How would you shoot India?
A competition is asking you to shoot and upload short videos of your perception of India. On offer is cash, a trip, and the chance to showcase to the world your image of the country
A gola vendor pats togethe a big bunch of crushed ice into a vertical column, and sprays it with colourful juice. A foreign woman samples a tangy pani puri and reacts with a thumbs up and a big, satisfied smile. These are scenes from Chowpatty, captured in a video called The Beach made by Atmika Didwania, one of the participants in the 'India Is' Global Video Challenge, a competition powered by the Public Diplomacy Division (PDD) of the Ministry of External Affairs and supported by Incredible India.
"Through this initiative, insights will be uncovered into people's perceptions about India from across the globe," says Danesh Narang, Founding Partner, Skarma Communications & Consultancy, the agency handling the execution of the competition. The challenge to create three minute videos ends on December 31 and has so far received over 40 entries, ranging from those shot with proper production setups, to mobile phone quality videos and different photomontages, which encapsulate one of the three themes -- India is creative, India is colourful and India is wherever you are.
Navdeep Suri, joint secretary PDD explains, "The third theme is aimed at global audiences. There is a piece of India almost anywhere that you go in the world, manifested in Bollywood, Gandhi, Tagore, yoga, Indian cuisine, festivals celebrated by the diaspora and so much else. You can be in New York or Sydney and still find a bit of India that you can capture on video."
The open format is what attracted 24 year-old Didwania, an aspiring filmmaker, to the competition. "I liked the platform. It was targeting young, modern people. Brand ambassadors (Member of Parliament Shashi Tharoor and filmmaker Shekhar Kapur) described the objective of the competition well, when they asked participants to share their perception of the country visually."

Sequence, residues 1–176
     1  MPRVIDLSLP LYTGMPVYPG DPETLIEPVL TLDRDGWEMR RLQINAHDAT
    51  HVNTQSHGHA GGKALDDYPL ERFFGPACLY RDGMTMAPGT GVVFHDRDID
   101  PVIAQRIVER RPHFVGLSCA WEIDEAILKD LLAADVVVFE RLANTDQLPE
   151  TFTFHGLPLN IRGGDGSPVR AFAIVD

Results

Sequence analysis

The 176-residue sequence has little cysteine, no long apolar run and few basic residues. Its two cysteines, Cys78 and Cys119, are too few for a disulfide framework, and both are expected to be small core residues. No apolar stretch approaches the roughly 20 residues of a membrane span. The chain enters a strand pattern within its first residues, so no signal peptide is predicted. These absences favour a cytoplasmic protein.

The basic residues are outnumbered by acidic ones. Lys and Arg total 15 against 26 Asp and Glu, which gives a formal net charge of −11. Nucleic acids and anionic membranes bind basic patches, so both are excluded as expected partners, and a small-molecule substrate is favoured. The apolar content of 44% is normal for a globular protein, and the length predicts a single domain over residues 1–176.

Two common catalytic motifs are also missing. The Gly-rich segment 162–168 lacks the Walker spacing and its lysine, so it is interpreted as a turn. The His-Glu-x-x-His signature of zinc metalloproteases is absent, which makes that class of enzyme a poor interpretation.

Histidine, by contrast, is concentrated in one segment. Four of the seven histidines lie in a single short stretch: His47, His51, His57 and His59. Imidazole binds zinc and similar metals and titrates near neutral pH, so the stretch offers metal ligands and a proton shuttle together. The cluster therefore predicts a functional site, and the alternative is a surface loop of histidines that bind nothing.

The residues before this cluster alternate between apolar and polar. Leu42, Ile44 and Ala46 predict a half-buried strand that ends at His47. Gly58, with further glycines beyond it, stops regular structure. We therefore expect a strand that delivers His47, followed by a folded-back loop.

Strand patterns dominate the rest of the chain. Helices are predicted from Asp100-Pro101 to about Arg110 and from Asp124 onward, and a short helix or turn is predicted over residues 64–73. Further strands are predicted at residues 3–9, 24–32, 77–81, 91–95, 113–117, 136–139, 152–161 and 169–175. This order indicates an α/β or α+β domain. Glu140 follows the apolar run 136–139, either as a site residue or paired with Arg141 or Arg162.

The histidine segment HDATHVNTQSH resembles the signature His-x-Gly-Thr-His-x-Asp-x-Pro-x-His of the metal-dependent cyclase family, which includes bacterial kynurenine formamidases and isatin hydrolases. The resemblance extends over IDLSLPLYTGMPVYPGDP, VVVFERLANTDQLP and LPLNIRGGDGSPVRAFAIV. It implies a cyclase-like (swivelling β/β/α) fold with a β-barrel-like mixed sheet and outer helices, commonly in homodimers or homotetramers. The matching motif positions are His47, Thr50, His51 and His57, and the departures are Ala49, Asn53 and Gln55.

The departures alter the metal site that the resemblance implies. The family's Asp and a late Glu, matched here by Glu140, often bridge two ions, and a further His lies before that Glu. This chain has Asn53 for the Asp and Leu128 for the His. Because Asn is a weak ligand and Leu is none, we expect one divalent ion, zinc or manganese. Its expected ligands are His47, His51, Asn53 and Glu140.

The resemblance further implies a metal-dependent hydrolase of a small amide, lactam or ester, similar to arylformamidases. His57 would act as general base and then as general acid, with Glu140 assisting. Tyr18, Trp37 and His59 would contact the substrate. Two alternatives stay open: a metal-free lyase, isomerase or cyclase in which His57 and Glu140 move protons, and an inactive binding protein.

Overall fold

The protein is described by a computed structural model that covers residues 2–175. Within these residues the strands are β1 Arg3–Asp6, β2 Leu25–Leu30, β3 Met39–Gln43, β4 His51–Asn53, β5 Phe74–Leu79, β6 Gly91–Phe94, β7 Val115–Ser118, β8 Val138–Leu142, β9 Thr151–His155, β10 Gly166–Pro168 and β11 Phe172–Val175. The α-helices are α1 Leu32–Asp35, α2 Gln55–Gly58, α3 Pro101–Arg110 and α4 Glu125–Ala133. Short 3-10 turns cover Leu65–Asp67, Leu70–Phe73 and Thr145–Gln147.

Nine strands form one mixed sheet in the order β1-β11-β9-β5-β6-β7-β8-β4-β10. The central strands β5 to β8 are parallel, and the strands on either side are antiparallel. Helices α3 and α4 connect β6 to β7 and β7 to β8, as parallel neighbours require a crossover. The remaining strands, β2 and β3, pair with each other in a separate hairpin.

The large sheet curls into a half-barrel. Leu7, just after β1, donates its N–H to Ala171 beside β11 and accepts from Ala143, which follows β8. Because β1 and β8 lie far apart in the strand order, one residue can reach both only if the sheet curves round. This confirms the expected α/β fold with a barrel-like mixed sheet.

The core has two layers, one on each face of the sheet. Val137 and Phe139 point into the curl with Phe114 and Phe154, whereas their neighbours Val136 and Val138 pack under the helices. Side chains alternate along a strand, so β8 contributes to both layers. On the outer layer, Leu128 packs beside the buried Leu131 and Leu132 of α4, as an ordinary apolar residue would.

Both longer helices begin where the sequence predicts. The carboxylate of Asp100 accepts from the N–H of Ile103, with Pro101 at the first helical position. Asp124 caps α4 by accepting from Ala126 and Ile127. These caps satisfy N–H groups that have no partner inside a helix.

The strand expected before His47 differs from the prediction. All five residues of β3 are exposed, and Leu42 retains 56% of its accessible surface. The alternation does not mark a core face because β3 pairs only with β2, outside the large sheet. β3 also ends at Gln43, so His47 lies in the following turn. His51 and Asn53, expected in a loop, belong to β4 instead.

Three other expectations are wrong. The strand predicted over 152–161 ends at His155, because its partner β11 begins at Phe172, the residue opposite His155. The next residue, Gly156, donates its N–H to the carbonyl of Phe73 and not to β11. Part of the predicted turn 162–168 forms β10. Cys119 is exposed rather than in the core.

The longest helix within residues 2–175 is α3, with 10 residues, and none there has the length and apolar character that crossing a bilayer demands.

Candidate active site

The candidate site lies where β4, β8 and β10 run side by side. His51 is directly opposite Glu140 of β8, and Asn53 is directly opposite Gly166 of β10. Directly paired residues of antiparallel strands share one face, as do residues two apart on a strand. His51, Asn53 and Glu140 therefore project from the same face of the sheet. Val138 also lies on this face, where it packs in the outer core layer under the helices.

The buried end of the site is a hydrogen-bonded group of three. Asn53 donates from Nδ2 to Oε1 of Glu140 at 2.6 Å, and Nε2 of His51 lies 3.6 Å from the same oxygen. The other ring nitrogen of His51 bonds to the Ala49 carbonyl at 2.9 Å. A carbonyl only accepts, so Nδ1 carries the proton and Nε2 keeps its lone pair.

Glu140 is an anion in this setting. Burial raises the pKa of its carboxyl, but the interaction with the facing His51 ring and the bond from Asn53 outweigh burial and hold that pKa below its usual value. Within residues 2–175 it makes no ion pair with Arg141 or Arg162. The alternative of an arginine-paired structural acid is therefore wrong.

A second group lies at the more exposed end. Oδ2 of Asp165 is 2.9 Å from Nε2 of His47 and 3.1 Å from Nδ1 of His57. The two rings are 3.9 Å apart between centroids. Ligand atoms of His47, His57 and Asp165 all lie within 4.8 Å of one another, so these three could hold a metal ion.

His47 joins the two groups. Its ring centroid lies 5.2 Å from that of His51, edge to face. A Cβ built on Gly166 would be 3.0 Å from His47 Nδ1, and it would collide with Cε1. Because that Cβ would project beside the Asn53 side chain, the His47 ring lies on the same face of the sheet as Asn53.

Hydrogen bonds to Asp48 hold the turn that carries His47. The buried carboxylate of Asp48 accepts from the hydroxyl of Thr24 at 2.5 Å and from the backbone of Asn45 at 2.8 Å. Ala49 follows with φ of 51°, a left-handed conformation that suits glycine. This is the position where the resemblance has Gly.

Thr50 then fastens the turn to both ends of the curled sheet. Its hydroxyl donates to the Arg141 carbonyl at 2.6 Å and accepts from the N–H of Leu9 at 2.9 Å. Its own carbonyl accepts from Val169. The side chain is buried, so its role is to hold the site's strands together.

Is this merely an attempt to create a feel-good perception about India Inc even as a disillusioned junta grapples with rising inflation and bad news? Narang disagrees. "This is more about the things that go relatively unnoticed. For example, one of the films -- Yeh Galiyaan is shot in Varanasi and follows a foreigner hosted by a local family. After he leaves for the station, the family realises that he's forgotten something behind. The film follows the trail of people (from little boys playing marbles, to Kathak dancers and local sadhus) all linking up to ensure that the train doesn't leave the station without the forgotten item. This is a great example of the 'soft' power of India, which can be visually showcased in many ways."
Suri seconds him. "I don't think we are reacting to anything transient or ephemeral. Our themes and objectives go beyond tourism and are aimed at a global audience."
Twenty-30 finalists will be shortlisted by a six-member jury comprised of individuals working with film in various capacities in prestigious institutes in India and the US, who will then need public votes to win prizes.
The challenge is planned as a three-year campaign, says Suri. Narang adds, "We plan on tying up with film schools in India and abroad, to make this challenge part of their curriculum. We also intend to tie up with festivals and sponsors to increase the incentives for aspiring filmmakers and enthusiasts. After the Video Challenge, there will also be photography challenge, around it's own distinctive theme."
Prize-winners will be announced on March 7, 2012, on the competition website. Log on to www.indiais.org for information on how to participate.